The Seventh Circuit, on the other hand, struck down several supervised release conditions in United States v. Thompson (2015) among them, the prohibition on “frequent[ing] places where controlled substances are illegally sold, used, distributed, or administered.” In Thompson, the court criticized this prohibition as providing no “indication of how many trips constitute ‘frequent[ing]’ such places.” The Seventh Circuit rejected the Ninth’s approach in Phillips, arguing that the limitations of supervised release should be clearly established in the condition itself, because “otherwise the defendant may think himself bound by the broader interpretation.” The court summarized its concern with a snappy example: “If you’re 90 percent certain that purchasing girl scout cookies from someone who rings your doorbell wouldn’t violate a condition of supervised release, do you want to risk going back to prison because you may have guessed wrong? If out of caution therefore you decline to purchase the cookies, the sentencing guideline would deter lawful conduct, and thus be overbroad.”
In arriving at its opinion that the District Court didn’t err in imposing this condition, the Third Circuit took a relatively neutral position in Barry—it upheld the condition but cautioned the District Court against its imposition. The court noted the posture of the case and the legal standard required—“any mistake by the District Court in imposing this condition is not plain error”—as its main justification for upholding the condition. But the court urged the District Court to reconsider in its conclusion: “We recognize, however, given the split of authority . . . Barry’s concerns regarding these conditions are not unwarranted. We therefore encourage the District Court . . . to impose the updated condition recommended by the Sentencing Guidelines in place of the controlled-substance and association conditions.”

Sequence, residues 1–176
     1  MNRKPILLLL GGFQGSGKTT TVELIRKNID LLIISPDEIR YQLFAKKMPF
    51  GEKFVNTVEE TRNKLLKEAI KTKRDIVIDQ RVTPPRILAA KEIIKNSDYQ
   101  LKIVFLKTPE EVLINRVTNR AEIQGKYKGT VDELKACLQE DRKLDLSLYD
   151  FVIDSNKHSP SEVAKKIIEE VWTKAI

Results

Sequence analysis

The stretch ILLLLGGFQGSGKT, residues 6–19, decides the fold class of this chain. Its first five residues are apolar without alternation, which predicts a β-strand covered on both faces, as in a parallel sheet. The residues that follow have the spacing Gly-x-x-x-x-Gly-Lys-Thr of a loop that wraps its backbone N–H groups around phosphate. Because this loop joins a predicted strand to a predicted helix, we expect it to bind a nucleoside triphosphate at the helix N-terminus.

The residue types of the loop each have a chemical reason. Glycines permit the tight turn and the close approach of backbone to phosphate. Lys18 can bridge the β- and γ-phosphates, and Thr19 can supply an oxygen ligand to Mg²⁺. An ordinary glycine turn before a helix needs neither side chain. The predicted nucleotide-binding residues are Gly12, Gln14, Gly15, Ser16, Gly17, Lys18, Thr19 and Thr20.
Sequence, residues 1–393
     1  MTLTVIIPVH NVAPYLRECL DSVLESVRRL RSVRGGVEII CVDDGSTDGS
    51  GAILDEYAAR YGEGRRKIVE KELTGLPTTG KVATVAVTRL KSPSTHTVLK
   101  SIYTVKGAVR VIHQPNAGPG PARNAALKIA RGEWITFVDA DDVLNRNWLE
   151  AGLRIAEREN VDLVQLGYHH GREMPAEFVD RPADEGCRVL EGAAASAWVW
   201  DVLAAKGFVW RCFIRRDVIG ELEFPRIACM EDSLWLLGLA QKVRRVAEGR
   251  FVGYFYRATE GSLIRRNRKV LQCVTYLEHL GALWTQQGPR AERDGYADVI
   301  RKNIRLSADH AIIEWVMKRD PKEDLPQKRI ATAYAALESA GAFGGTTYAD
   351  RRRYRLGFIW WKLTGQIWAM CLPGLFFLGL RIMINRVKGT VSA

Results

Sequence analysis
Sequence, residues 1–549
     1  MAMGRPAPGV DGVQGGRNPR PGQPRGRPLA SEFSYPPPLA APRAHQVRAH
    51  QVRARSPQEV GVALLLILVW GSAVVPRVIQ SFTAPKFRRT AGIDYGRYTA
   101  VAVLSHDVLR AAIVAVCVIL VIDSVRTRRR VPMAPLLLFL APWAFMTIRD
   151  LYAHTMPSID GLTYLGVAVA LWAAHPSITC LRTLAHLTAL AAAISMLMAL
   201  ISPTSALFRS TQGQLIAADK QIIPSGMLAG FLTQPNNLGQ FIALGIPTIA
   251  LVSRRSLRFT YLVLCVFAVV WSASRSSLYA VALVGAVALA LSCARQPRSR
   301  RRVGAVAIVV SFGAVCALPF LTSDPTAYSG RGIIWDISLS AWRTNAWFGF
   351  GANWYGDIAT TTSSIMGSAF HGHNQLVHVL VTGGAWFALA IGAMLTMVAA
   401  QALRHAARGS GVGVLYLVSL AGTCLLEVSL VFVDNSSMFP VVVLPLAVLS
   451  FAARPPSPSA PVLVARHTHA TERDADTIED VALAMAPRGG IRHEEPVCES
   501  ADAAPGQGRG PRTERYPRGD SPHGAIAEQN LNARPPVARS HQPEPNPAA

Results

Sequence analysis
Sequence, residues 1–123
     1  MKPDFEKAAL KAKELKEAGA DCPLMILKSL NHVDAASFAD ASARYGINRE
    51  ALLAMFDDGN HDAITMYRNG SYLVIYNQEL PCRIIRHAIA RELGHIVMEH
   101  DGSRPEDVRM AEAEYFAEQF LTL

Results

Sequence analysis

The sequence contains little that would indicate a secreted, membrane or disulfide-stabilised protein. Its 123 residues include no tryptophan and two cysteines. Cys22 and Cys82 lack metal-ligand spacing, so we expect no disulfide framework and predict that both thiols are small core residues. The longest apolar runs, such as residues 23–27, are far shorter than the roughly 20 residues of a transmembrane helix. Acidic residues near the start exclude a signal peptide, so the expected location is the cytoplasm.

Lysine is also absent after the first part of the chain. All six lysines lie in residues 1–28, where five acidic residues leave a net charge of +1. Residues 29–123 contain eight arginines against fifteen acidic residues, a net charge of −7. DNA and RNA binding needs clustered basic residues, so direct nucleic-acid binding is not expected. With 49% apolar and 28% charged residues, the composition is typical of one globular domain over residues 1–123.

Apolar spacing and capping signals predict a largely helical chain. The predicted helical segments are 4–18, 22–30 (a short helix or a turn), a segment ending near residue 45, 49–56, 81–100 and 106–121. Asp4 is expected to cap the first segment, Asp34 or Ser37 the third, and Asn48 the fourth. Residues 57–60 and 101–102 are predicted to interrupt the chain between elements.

Suppose that a man is released from prison on a term of supervised release. Deprived of his ability to enjoy his favorite food, he’s excited to return to his favorite hole-in-the-wall restaurant. But the restaurant happens to be in an area known for high drug use. Would visiting the restaurant violate the terms of his supervised release, if it contains the aforementioned condition? What factors would be relevant in answering this question: Must people inside or immediately outside the restaurant be using drugs? Is it a problem if people just near the restaurant are?
The different circuits’ answers to this question illustrates the key problem with different interpretations of the same release conditions. The activities of different parolees or supervised releasees in different places may be chilled, depending on how their circuit answers this question. A ruling by the Supreme Court on this narrow, technical question—or a broader ruling that more generally addresses constitutional vagueness in release conditions—would provide a resolution not only to this specific question, but would also make supervised release and parole more transparent. Courts and parole officers would be able to more effectively implement these programs, and releasees and parolees would be able to more effectively abide by them.